- H-GRTS* Newsletters 1970´s-1980´s
- Road Maps
- Cancelled Projects
- HCTRA Pooled Projects
- Future US90, Crosby Freeway
- FM249 Freeway to Navasota
- Hardy Toll Road Extension
- TX35/Spur 5
- Grand Parkway, Houston´s 3rd Loop
Please visit HoustonFreeways.com for more information.
The Houston-The Woodlands-Sugar Land Metropolitan Area is among the most diverse metropolitan area in the United States and consists of ten counties within the state of Texas.
Its former title was Houston-Sugar Land-Baytown. The area is colloquially referred to as either the “Houston metropolitan area” or the “greater Houston area” and is situated in the region of East Texas.
The Houston-The Woodlands-Sugar Land metropolital statistical area (MSA) has a population of 7.14 million as of the 2020 U.S. Census estimate. The metropolitan area is comprised of ten counties, centering in Houston. Houston was named a “Gamma World City” by the Globalization and World Cities Study Group and Network (GaWC). Houston is the largest city within the state of Texas, fourth in the United States, and the second-largest economic area of the Gulf Coast region. The city is the county seat of Harris County, the third most populous county in the country. A portion of southwest Houston extends into Fort Bend County and a small portion in the northeast extends into Montgomery County.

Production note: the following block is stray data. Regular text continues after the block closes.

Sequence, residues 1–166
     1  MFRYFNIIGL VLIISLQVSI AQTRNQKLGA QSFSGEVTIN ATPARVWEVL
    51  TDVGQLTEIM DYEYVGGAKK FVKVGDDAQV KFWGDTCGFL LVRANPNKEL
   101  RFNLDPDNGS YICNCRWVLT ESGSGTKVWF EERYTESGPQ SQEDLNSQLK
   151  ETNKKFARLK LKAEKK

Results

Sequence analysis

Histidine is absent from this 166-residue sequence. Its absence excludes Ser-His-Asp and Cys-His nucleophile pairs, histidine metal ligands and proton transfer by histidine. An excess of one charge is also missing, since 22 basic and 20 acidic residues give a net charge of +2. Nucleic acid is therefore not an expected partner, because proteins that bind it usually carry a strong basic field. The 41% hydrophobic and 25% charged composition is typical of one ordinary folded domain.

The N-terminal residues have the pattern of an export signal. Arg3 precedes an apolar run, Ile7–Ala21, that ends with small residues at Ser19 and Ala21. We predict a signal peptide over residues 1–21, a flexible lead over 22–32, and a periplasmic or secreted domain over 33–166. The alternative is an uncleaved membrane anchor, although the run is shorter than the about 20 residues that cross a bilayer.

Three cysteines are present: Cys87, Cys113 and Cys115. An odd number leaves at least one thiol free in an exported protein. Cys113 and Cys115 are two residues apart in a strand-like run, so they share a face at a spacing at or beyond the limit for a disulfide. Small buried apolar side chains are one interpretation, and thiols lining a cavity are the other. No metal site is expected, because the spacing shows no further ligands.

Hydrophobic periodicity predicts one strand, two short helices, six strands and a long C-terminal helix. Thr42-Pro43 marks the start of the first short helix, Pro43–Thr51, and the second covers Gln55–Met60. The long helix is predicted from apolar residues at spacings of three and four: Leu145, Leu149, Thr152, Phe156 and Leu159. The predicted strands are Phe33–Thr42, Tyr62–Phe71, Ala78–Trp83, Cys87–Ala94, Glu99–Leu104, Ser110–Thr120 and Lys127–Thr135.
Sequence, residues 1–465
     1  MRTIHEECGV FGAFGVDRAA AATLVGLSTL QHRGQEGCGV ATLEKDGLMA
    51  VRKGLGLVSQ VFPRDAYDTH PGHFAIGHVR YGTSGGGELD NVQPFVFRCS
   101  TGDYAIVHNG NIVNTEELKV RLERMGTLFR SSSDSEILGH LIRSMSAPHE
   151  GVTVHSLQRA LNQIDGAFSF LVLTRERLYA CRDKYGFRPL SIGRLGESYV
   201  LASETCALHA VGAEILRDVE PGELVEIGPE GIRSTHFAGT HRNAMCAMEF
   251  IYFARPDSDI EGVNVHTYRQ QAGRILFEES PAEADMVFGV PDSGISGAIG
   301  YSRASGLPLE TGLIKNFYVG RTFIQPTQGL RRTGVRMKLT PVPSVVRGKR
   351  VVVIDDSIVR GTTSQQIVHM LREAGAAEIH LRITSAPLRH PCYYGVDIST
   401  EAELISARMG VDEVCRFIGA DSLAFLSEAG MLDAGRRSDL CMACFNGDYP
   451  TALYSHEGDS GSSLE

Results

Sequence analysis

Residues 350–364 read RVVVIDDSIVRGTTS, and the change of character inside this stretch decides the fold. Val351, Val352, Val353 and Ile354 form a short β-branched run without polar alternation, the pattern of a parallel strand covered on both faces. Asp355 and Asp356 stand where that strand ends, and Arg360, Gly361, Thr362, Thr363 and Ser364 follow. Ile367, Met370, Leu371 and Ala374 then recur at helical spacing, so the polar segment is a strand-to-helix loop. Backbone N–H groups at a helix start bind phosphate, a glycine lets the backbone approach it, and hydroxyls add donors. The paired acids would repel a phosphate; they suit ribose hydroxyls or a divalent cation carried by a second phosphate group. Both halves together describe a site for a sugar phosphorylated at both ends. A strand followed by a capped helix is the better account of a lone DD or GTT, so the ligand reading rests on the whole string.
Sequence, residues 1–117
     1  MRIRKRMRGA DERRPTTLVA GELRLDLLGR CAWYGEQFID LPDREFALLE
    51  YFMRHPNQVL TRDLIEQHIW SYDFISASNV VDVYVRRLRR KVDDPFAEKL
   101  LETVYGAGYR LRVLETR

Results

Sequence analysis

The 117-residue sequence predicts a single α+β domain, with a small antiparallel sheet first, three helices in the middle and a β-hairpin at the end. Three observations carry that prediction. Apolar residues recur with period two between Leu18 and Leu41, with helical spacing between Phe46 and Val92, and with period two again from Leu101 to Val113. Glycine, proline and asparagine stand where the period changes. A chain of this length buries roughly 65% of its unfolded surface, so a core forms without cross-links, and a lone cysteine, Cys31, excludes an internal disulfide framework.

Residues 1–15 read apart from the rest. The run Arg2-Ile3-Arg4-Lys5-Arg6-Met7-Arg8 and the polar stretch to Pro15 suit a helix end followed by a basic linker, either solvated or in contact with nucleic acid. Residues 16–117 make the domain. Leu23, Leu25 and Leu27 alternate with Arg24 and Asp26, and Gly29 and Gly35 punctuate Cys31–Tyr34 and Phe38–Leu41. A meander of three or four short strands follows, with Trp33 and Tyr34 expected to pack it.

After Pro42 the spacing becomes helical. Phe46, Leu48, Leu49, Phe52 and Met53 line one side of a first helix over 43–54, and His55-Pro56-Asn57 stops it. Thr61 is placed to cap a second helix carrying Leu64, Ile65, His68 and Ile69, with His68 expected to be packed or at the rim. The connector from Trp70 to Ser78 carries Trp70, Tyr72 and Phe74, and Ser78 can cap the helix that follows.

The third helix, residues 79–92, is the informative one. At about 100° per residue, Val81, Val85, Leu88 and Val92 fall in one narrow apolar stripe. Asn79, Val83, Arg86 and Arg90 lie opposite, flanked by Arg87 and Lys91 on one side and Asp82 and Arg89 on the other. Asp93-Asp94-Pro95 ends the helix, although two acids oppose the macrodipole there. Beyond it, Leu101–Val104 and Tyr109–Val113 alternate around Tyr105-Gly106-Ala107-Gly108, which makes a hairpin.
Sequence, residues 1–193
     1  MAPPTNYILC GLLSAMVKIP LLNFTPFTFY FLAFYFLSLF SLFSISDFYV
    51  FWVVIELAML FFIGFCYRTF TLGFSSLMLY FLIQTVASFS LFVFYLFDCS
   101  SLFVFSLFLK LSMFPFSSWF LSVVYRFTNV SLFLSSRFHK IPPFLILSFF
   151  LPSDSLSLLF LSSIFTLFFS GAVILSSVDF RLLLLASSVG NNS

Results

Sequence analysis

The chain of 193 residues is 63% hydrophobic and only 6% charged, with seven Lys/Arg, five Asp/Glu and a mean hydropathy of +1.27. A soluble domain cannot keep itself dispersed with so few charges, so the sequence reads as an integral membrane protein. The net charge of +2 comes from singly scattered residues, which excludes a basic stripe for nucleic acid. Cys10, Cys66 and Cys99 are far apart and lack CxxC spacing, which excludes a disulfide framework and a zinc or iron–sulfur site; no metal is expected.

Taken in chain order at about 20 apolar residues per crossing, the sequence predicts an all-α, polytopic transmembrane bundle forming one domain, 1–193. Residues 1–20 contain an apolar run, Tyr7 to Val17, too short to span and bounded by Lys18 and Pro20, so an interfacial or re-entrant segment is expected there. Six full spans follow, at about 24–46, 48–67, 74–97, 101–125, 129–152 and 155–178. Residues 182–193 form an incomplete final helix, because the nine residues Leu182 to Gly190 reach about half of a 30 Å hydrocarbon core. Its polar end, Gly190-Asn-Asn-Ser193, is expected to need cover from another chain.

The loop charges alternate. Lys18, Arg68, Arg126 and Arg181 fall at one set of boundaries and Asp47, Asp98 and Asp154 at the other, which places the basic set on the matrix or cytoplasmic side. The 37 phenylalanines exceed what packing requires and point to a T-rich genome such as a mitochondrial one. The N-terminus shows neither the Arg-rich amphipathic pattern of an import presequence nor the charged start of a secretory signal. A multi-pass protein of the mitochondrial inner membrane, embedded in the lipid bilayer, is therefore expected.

Founded in 1836 by John Kirby Allen and Augustus Chapman Allen, Houston is one of the fastest growing major cities in the United States and the largest without zoning laws. In 1900, Houston’s population was about 45,000, making it the 85th largest city in the United States. As of the 2000 U.S. Census, the city had a total population of 1.9 million. Houston is the main cultural and economic center of the Houston-The Woodlands-Sugar Land Metropolitan Area, which is the seventh largest metropolitan area in the United States with a population of about 7.14 million in ten counties.
Houston is world renowned for its energy, particularly oil, and aerospace industries and for the Houston Ship Channel. The Port of Houston is one of the busiest ports in the United States and second in the world in foreign tonnage. Second only to New York City in Fortune 500 headquarters, Houston is home to the Texas Medical Center – the world’s largest and most important concentration of research and healthcare institutions. Houston has much to offer, including the lowest cost of living and the least-expensive housing among 27 major U.S. metropolitan areas with populations of more than 1.7 million.
Houston was named a “Gamma World City” (Gloabal City) by the Globalization and World Cities Study Group and Network (GaWC). Officially, Houston has been nicknamed the Space City as it is home to the Lyndon B. Johnson Space Center, home of the Mission Control Center (referred to by space missions as simply “Houston”). The city offers a wide range of business, entertainment and cultural opportunities, including a respected and thriving theater district. Less than an hour from the Gulf of Mexico, Houston is close to sunny beaches, one of the United States’ largest concentrations of pleasure boats and tourist attractions such as the Kemah Boardwalk and Galveston Island.From Wikipedia, the free encyclopedia.